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Early History

Ohio Valley Raceway

1965-1970


          Ohio Valley Raceway was built and opened in the spring of 1965 by my brother, Jim, and me, Wayne Williams. Jim passed away in 2003 which leaves me to try to recall how it all got started, forty-five years ago. Jim and I always shared a love of fast cars, but in order to watch, or participate in drag racing we had to travel to Hardinsburg, Sturgis or Seymour. From our teenage years of cruising the parking lots of drive-in restaurants, we knew there were as many fans of hot cars in the Louisville area as anywhere else, but who had nowhere to legally drag race. We heard opportunity at the door but until we opened the gates to our track that first night, we could not have imagined how loud it was knocking.

          Jim was twenty years old at the time and I was twenty-six. Together, we could not have scratched up enough money to build a go-cart track, let alone a drag strip. So we approached our father who was certainly no fan of fast cars. Over the years, any time my '57 Chevy or Jim's 409 powered Corvette pulled into the parking lot of his hardware store in Orell, KY, he merely shook his head. It took many grueling sessions with our dad to convince him that this was a viable venture, but in the end, he conceded but with strict provisions on a pay-back schedule.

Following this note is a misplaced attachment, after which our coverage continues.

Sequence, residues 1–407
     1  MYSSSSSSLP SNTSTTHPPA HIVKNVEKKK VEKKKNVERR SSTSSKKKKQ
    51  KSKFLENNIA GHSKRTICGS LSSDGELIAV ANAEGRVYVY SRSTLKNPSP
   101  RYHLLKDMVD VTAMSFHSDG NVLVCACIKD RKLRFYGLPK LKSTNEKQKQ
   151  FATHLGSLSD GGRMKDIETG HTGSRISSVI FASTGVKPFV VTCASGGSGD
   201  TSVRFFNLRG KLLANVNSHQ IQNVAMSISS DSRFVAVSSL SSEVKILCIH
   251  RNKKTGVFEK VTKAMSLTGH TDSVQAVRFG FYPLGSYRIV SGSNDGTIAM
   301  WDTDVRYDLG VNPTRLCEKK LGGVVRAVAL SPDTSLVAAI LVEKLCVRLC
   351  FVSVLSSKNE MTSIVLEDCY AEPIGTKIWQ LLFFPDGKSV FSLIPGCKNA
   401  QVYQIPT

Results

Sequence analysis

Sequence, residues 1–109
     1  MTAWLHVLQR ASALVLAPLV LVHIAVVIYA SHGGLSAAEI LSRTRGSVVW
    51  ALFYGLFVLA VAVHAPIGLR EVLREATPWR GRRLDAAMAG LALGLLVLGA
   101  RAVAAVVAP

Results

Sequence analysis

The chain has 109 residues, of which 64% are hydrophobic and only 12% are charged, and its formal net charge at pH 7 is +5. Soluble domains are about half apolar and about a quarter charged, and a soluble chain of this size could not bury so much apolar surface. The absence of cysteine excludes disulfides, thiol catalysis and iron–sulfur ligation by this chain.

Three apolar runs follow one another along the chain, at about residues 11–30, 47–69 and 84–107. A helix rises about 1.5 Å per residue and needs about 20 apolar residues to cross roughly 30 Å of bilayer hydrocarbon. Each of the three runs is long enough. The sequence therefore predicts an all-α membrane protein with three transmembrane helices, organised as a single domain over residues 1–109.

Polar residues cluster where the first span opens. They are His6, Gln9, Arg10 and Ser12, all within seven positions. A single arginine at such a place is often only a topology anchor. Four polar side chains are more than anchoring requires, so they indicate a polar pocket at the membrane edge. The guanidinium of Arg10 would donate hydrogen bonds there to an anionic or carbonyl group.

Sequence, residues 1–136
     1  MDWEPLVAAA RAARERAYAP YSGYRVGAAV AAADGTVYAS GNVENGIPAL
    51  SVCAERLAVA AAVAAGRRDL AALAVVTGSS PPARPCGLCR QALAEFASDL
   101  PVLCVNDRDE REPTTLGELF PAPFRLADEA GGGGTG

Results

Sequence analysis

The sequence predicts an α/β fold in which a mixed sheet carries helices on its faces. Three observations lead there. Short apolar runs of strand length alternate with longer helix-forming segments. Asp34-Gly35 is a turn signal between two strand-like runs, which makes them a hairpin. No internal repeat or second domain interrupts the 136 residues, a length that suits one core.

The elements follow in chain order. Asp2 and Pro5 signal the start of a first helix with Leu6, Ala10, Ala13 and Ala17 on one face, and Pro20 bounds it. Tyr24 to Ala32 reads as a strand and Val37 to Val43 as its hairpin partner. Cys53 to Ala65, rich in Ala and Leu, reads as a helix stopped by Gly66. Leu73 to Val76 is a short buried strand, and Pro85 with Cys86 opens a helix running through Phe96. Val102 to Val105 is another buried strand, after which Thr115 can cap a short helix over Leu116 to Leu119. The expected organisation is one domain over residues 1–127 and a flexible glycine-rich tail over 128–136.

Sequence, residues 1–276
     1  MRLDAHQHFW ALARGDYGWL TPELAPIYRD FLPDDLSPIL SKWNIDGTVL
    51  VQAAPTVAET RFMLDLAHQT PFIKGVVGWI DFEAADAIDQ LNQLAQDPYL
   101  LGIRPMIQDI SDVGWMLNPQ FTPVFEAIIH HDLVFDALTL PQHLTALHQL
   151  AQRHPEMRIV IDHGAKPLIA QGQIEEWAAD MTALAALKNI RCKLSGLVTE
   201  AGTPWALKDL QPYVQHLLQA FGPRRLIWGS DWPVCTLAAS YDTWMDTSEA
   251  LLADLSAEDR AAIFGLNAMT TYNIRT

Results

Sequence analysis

The grass airport off Dixie Highway on Katherine Station Road was owned by a man named Huff. We knew him as a customer at Dad's hardware store. To us it seemed an ideal place to build a race track and after several weeks of negotiations, we agreed on a price. Around Christmas of 1964, we put shovels to the ground.

          Everything we were spending was borrowed so it was low-budget all the way. We painted the old aircraft hanger and house. Excavating and paving of the main strip, return strip, and a few other small areas was finished as soon as weather permitted. We built a 16'x16' wooden two-story tower near the starting line. The windows were simply plywood flaps that opened to the inside and left the operations crew exposed to the elements. We used farm fencing to separate the spectator areas from the track. The Christmas tree and timer was a home-grown monster and the source of many headaches later. In mid-April of 1965 we opened on a wing and a prayer.

          Absolute pandemonium would probably best describe opening night - total chaos. Katherine Station Road was the only access to the track and it was at a total standstill by 6:30 - cars with nowhere to go, double-parked all the way back to Dixie Highway, the south lane of which was at a standstill all the way back to Al's Bait Shop, a distance of over two miles. So, with nowhere else to turn -we went to racing.